New student organization represents AAPI community

Asian Student Alliance welcomes everyone to get to know about Asian culture.


Elanna Su and Sarisha Hettiarachchi standing next to each other. Behind Hannah Sim. Photos provided by ASA’s executive members

Last week, BW’s Center of Inclusion announced the new cultural organization on campus, Asian Student Alliance. The rise of anti-Asian sentiment during the Covid-19 pandemic inspired ASA’s president, Elanna Su, a history major student, to create a safe place where Asian students feel comfortable and represented. In addition, ASA aims to teach the student body about the different cultures among the Asian community.  

“When I got to BW, there’s a defined space for cultural organizations and there isn’t an Asian student [group],” Su said.   

Su is a first-year student from Pennsylvania. She graduated from her high school as the only Asian student in a heavily populated white class.  

“I’ve never had, like, horrific instances of discrimination, but coming from a community where there’s a distinct lack of Asian-American or Asian presence made me want to search for that sense of belonging,” Su said.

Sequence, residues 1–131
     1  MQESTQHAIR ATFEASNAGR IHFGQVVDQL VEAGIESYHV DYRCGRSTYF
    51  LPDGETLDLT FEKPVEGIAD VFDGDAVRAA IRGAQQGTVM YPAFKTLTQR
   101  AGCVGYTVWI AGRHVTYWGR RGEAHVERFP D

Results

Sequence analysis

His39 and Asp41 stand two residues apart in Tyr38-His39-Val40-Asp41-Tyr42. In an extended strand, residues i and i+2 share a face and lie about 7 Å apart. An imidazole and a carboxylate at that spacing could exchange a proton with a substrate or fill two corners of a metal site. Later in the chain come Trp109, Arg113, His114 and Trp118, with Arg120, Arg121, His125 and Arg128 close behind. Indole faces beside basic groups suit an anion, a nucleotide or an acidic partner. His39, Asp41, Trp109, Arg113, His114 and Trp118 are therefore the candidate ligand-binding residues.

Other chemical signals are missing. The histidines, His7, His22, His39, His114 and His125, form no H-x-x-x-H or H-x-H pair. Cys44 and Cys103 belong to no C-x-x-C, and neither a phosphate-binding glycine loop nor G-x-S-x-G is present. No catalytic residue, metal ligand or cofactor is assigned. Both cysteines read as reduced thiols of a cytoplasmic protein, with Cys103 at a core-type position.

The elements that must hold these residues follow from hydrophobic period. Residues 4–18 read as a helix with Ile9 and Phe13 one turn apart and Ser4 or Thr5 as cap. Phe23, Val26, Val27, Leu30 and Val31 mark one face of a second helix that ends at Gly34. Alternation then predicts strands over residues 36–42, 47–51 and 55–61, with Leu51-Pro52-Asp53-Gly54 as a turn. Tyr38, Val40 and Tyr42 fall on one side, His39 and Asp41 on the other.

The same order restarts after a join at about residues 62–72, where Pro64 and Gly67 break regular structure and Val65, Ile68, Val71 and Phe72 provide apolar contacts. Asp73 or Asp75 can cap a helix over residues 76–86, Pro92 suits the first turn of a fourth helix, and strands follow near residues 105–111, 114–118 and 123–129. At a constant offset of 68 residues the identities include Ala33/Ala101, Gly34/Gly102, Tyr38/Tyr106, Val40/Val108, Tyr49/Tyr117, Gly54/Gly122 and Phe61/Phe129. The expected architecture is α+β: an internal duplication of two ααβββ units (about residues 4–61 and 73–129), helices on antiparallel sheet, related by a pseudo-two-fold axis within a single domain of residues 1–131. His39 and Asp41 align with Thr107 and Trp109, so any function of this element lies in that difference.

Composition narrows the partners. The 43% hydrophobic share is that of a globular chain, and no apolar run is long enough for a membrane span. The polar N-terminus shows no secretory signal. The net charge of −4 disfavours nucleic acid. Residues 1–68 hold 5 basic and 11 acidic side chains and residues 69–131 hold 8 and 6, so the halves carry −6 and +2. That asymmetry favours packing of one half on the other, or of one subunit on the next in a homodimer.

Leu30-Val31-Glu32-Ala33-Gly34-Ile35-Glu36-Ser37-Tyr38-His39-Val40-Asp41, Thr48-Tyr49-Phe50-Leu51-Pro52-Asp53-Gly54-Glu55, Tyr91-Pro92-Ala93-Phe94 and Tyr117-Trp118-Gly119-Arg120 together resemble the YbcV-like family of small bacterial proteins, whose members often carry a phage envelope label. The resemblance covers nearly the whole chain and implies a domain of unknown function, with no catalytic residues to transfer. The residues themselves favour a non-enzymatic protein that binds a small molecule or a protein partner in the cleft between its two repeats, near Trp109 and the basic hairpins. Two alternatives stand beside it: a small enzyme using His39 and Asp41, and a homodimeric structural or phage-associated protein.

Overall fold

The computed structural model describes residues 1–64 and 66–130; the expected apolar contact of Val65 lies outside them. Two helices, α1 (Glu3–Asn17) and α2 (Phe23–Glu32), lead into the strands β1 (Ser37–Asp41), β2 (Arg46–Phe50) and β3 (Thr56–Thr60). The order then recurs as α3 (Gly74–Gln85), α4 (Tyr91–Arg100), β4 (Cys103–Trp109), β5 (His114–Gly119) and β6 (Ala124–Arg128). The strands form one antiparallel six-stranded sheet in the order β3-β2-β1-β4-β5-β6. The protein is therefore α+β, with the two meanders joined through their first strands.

ASA executive members applied to become an organization in October 2022. It took them several months to be officially approved.  

“The rest of the time was spent refining the charter, getting plans being approved, that kind of thing, we were approved almost two weeks ago,” Su said.   

Su said organizations on campus, such as SALSA, Rotaract and Active Minds helped ASA with everything related to applying to be an organization, such as planning events, reserve places on campus and gain awareness via word of mouth or social media.  

“The presidents of those organizations were pointing me in the right direction, telling me who to talk to. I liked it, it was great,” Su said.  

ASA attended this Spring 2023 Involvement Fair and scheduled their first general meeting on Thursday Feb. 23 at 5 p.m. in Sandstone 3, which is located in the basement of the Union. During the meeting, participants are expected to learn about ASA’s purpose and executive board as well as watch a Zoom conference presented by the First Amendment Museum.   

“BW doesn’t have the highest diversity ratings. I feel like it’s especially important to raise up the voices here,” Su said. “ASA is a place where everyone can learn [about] the Asian American experience and just coming together as a community.”